Bombing Job Interviews? Here's How to Fix It. Work in Sports Podcast e095

If you are getting job interviews but not getting the job, it's time to do an analysis of your interview technique. Listen in, we'll show you how it's done.

Hi everybody, I’m Brian Clapp, Director of content for and this is the work in sports podcast… It’s a Monday QA session!

Here's this week question from Delaney in Missouri:

Hi Brian, I love the podcast and have learned so much from listening to you and the other experts you bring on. You make road trips better and walking my dog much more entertaining. [Delaney, you rock]

On to my question – I’m a recent college graduate, like within the last few weeks, but I’ve been looking for jobs for the last 3 months to be ready for this point. I’ve had two interviews, both for jobs I was really excited about, but I think I bombed. I felt caught off guard and unprepared and basically blew it.

I’m worried that if I don’t turn this around I’m going to miss out on opportunities I am a good match for. Panic is setting in. Can you help?!

Delaney – congrats on finishing college! That is a huge step in itself, and deserves to be celebrated.

My first instinctual response isn’t related to the interview process itself, it’s related to you. You are losing the battle of nerves, and this effect is steamrolling in sports podcast with brian clapp

  • The worst thing you can do is have the pressure multiply on you.
  • Think of each event as an individual event, rather than the end of the line or the “one”
  • Stop fortune telling, you don't know what is going to happen 

A few ways to boost your confidence:

  1. Get comfortable with rejection.
  2. Meditate/breathe
  3. Visualization – (including humanize them)

Now let’s get into some interview techniques to help you out.

  • First impressions and charisma matter more than you think. If you got the interview, they know you have the skills.
  • Smile, make eye contact, get comfortable, don’t fidget.
  • Practice – if it’s video this is especially important. Find a friend.
  • Know your resume. Most interviewers will ask questions right off your resume. So tell me about a time you struggled with a decision while at company X? Get comfortable with you, that’s what this whole thing is about.
  • In advance think of real world experiences and examples you can weave into the discussion. You’ve looked at the job description, if it’s a marketing job you know they are going to ask about your experience on a campaign or something, so have examples ready. If it’s a sales job you’re going to be asked about a time when you dealt with an unruly or upset customer – so have an example ready.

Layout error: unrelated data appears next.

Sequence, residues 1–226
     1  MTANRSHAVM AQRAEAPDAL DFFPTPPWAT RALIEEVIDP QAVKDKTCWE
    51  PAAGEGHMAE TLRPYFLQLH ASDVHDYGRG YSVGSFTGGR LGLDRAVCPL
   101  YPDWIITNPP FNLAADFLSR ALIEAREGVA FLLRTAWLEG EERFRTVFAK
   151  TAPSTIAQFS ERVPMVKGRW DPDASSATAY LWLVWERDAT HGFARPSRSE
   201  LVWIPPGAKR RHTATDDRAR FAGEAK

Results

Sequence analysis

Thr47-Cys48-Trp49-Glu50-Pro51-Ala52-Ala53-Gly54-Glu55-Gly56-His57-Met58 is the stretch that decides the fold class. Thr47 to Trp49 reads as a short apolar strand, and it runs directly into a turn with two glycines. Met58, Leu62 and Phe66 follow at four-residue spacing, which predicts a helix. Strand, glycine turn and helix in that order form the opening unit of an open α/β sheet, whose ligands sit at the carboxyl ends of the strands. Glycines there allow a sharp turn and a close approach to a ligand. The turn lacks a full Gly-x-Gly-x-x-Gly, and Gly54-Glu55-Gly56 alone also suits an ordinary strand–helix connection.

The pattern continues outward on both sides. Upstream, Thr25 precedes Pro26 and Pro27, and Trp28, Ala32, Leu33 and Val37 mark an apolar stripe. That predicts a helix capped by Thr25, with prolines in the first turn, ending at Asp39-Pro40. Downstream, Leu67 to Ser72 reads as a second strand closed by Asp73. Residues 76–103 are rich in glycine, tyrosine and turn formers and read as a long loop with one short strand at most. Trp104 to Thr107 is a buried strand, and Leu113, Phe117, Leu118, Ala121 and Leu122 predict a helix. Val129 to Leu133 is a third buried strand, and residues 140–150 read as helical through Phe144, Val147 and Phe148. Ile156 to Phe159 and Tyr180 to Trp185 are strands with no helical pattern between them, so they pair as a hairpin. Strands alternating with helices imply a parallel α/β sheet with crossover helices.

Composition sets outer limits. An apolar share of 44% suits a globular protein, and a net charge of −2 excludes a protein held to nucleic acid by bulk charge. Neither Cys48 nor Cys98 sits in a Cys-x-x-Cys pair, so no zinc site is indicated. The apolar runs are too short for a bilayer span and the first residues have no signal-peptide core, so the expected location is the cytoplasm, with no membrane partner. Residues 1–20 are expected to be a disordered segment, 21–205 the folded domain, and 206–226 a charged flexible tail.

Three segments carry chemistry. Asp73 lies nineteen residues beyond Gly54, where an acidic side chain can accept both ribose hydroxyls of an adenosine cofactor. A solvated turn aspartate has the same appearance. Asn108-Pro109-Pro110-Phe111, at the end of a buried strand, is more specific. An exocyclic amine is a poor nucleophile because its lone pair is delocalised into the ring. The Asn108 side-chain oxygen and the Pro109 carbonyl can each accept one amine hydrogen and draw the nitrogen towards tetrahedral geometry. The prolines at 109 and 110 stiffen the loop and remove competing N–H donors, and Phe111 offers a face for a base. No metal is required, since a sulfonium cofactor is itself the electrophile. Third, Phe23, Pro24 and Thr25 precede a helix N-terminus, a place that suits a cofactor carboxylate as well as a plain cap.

• Change your thinking – so many people go into an interview expecting to be grilled and hated and loathed and embarrassed. Get that out of your head – the person on the other side wants you to be a match! They want you to be the one!

If I told you to call me tomorrow and practice an interview, you wouldn’t feel the pressure of the result, so you’d probably put a very comfortable “you” out there. You need to think during each interview this person is on my side, they aren’t out to get me.

It’s funny I had a job interview a few years back, it was for a great job, high level, but I had already determined beforehand I wasn’t going to take it if it was offered. I took the interview anyway, and because there was no rreal pressure, I was loose, relaxed, confident, speaking comfortably…and probably did the best I had ever done in an interview. They not only made me an offer, it was 10% above the range they had previously given me.

The point is, being nervous and tight doesn’t represent you well – being the king or queen of calm, confidence will. 

MUST HAVE: follow up questions.

Leave with the right impression, have follow up questions ready in advance so you don’t have to think about them on the spot.

By Brian Clapp | June 25, 2018
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